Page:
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I'm looking for the fastest way to check for the occurrence of NaN (np.nan) in a NumPy array X. np.isnan(X) is out of the question, since it builds a boolean array of shape X.shape, which is potentially gigantic.

I tried np.nan in X, but that seems not to work because np.nan != np.nan. Is there a fast and memory-efficient way to do this at all?

(To those who would ask "how gigantic": I can't tell. This is input validation for library code.)

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does validating the user input not work in this scenario? As in check for NaN before the insert – Woot4Moo Jul 18 '11 at 17:14
@Woot4Moo: no, the library takes NumPy arrays or scipy.sparse matrices as input. – Fred Foo Jul 18 '11 at 20:28
If you're doing this a lot, I've heard good things about Bottleneck (pypi.python.org/pypi/Bottleneck) – matt Jul 19 '11 at 17:21
up vote 85 down vote accepted

Ray's solution is good. However, on my machine it is about 2.5x faster to use numpy.sum in place of numpy.min:

In [13]: %timeit np.isnan(np.min(x))
1000 loops, best of 3: 244 us per loop

In [14]: %timeit np.isnan(np.sum(x))
10000 loops, best of 3: 97.3 us per loop

Unlike min, sum doesn't require branching, which on modern hardware tends to be pretty expensive. This is probably the reason why sum is faster.

edit The above test was performed with a single NaN right in the middle of the array.

It is interesting to note that min is slower in the presence of NaNs than in their absence. It also seems to get slower as NaNs get closer to the start of the array. On the other hand, sum's throughput seems constant regardless of whether there are NaNs and where they're located:

In [40]: x = np.random.rand(100000)

In [41]: %timeit np.isnan(np.min(x))
10000 loops, best of 3: 153 us per loop

In [42]: %timeit np.isnan(np.sum(x))
10000 loops, best of 3: 95.9 us per loop

In [43]: x[50000] = np.nan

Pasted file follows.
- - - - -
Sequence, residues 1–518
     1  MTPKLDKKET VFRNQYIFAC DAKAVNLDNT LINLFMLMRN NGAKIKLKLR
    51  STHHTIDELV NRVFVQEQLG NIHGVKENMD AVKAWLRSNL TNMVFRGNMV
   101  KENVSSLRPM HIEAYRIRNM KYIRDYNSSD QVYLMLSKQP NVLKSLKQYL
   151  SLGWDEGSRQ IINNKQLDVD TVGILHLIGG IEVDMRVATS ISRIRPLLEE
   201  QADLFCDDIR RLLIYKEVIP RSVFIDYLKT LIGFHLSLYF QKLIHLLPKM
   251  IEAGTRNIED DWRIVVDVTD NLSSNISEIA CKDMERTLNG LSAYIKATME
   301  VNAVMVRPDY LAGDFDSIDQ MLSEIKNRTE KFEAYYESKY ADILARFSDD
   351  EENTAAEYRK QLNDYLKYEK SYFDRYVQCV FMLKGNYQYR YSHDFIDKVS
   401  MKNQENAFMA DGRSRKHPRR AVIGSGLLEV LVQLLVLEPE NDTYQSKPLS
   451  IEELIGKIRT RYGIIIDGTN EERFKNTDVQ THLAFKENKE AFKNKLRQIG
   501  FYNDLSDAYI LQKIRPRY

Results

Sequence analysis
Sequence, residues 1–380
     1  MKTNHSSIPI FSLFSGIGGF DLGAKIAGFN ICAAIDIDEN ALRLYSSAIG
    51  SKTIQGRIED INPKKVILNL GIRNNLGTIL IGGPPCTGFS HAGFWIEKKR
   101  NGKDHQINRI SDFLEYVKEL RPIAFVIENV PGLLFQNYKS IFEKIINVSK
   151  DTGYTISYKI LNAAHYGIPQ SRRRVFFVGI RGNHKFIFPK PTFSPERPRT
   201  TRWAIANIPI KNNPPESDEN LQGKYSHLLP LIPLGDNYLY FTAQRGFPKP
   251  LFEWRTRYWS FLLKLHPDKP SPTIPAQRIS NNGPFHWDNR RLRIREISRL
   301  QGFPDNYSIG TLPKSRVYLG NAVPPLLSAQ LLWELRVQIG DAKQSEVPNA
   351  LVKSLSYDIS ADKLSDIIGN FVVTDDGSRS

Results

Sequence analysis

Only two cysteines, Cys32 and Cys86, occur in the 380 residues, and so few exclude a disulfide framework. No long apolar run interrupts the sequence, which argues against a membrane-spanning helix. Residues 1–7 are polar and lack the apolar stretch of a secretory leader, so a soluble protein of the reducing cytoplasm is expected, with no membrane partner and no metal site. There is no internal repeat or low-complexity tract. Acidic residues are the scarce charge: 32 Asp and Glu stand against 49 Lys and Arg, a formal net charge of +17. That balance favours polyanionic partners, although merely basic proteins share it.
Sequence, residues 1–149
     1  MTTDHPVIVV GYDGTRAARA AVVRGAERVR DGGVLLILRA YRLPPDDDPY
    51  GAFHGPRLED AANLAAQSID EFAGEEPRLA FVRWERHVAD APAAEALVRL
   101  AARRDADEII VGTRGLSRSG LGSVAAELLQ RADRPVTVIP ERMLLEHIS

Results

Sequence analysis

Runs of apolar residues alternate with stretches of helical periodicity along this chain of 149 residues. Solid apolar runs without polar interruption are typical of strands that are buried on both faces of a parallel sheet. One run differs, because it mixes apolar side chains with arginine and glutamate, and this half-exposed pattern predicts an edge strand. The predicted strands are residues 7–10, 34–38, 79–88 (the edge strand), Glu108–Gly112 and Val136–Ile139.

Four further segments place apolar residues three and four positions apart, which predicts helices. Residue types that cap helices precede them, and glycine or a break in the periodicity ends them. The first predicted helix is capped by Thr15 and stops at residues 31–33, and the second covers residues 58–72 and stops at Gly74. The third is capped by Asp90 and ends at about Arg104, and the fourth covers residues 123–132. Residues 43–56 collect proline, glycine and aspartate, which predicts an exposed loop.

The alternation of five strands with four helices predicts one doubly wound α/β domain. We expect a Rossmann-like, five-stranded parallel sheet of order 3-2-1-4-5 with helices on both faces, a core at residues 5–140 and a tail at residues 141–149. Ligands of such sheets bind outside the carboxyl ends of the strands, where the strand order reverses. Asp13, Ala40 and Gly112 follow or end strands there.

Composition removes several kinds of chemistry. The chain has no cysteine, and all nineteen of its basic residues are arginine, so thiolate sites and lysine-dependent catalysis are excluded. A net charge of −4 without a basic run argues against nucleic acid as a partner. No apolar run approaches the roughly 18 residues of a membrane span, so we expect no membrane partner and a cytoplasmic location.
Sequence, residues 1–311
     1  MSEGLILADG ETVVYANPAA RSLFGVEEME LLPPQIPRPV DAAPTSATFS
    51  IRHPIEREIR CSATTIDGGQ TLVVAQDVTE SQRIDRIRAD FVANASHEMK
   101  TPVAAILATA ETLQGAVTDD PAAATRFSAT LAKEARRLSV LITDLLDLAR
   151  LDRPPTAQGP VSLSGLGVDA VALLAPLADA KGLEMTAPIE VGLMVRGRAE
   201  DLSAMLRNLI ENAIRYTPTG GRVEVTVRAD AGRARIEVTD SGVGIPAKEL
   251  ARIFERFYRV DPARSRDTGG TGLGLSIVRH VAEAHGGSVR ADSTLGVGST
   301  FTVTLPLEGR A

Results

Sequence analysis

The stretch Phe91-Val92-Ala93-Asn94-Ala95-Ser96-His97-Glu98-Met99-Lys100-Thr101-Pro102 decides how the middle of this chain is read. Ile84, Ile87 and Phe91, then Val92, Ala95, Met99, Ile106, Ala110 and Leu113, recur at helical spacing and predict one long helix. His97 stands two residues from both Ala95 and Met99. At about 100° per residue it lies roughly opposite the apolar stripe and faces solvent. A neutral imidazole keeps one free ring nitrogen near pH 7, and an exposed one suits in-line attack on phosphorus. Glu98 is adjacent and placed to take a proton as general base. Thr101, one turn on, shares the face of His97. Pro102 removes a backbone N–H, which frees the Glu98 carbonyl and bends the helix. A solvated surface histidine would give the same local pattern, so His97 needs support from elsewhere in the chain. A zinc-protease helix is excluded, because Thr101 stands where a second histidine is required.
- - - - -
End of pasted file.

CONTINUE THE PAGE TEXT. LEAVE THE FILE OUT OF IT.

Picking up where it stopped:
In [44]: %timeit np.isnan(np.min(x))
1000 loops, best of 3: 239 us per loop

In [45]: %timeit np.isnan(np.sum(x))
10000 loops, best of 3: 95.8 us per loop

In [46]: x[0] = np.nan

In [47]: %timeit np.isnan(np.min(x))
1000 loops, best of 3: 326 us per loop

In [48]: %timeit np.isnan(np.sum(x))
10000 loops, best of 3: 95.9 us per loop
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+1 for benchmarking – CharlesB Jul 18 '11 at 18:13
np.min is faster when the array contains no NaNs, which is my expected input. But I've decided to accept this one anyway, because it catches inf and neginf as well. – Fred Foo Jul 18 '11 at 20:27
This only catches inf or -inf if the input contains both, and it has problems if the input contains large but finite values that overflow when added together. – user2357112 Aug 19 '13 at 19:28
min and max does not need to branch for floating point data on sse capable x86 chips. So as of numpy 1.8 min will not be slower than sum, on my amd phenom its even 20% faster. – jtaylor Jun 14 '14 at 14:54
On my Intel Core i5, with numpy 1.9.2 on OSX, np.sum is still about 30% faster than np.min. – Matthew Brett Jul 30 '15 at 9:43

I think np.isnan(np.min(X)) should do what you want.

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Even there exist an accepted answer, I'll like to demonstrate the following (with Python 2.7.2 and Numpy 1.6.0 on Vista):

In []: x= rand(1e5)
In []: %timeit isnan(x.min())
10000 loops, best of 3: 200 us per loop
In []: %timeit isnan(x.sum())
10000 loops, best of 3: 169 us per loop
In []: %timeit isnan(dot(x, x))
10000 loops, best of 3: 134 us per loop

In []: x[5e4]= NaN
In []: %timeit isnan(x.min())
100 loops, best of 3: 4.47 ms per loop
In []: %timeit isnan(x.sum())
100 loops, best of 3: 6.44 ms per loop
In []: %timeit isnan(dot(x, x))
10000 loops, best of 3: 138 us per loop

Thus, the really efficient way might be heavily dependent on the operating system. Anyway dot(.) based seems to be the most stable one.

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I suspect it depends not so much on the OS, as on the underlying BLAS implementation and C compiler. Thanks, but a dot product is just a tad more likely to overflow when x contains large values, and I also want to check for inf. – Fred Foo Jul 19 '11 at 6:08
Well, you can always do the dot product with ones and use isfinite(.). I just wanted to point out the huge performance gap. Thanks – eat Jul 19 '11 at 7:46

Related to this is the question of how to find the first occurrence of NaN. This is the fastest way to handle that that I know of:

index = next((i for (i,n) in enumerate(iterable) if n!=n), None)
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The github link is broken – joshlk Jun 30 '15 at 9:10
thanks! I put the actual code I am using instead. – cloudformdesign Jul 1 '15 at 15:59

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